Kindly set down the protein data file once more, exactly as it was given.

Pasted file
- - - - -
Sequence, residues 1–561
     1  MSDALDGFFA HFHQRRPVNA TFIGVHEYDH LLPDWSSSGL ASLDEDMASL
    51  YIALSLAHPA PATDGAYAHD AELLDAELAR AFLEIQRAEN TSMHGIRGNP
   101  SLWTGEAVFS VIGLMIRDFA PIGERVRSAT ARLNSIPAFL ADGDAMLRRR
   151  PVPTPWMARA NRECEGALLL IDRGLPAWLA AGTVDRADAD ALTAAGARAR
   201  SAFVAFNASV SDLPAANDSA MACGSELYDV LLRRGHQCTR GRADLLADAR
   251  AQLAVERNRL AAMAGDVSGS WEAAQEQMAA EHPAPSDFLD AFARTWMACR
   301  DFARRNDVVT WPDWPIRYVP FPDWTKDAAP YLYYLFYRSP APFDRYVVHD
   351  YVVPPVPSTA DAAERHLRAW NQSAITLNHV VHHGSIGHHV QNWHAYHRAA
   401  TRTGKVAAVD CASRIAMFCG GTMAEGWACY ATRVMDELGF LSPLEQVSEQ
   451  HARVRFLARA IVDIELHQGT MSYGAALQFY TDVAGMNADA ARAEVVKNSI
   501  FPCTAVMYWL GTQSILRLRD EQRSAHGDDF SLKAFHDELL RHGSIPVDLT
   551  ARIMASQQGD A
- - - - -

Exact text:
Sequence, residues 1–561
     1  MSDALDGFFA HFHQRRPVNA TFIGVHEYDH LLPDWSSSGL ASLDEDMASL
    51  YIALSLAHPA PATDGAYAHD AELLDAELAR AFLEIQRAEN TSMHGIRGNP
   101  SLWTGEAVFS VIGLMIRDFA PIGERVRSAT ARLNSIPAFL ADGDAMLRRR
   151  PVPTPWMARA NRECEGALLL IDRGLPAWLA AGTVDRADAD ALTAAGARAR
   201  SAFVAFNASV SDLPAANDSA MACGSELYDV LLRRGHQCTR GRADLLADAR
   251  AQLAVERNRL AAMAGDVSGS WEAAQEQMAA EHPAPSDFLD AFARTWMACR
   301  DFARRNDVVT WPDWPIRYVP FPDWTKDAAP YLYYLFYRSP APFDRYVVHD
   351  YVVPPVPSTA DAAERHLRAW NQSAITLNHV VHHGSIGHHV QNWHAYHRAA
   401  TRTGKVAAVD CASRIAMFCG GTMAEGWACY ATRVMDELGF LSPLEQVSEQ
   451  HARVRFLARA IVDIELHQGT MSYGAALQFY TDVAGMNADA ARAEVVKNSI
   501  FPCTAVMYWL GTQSILRLRD EQRSAHGDDF SLKAFHDELL RHGSIPVDLT
   551  ARIMASQQGD A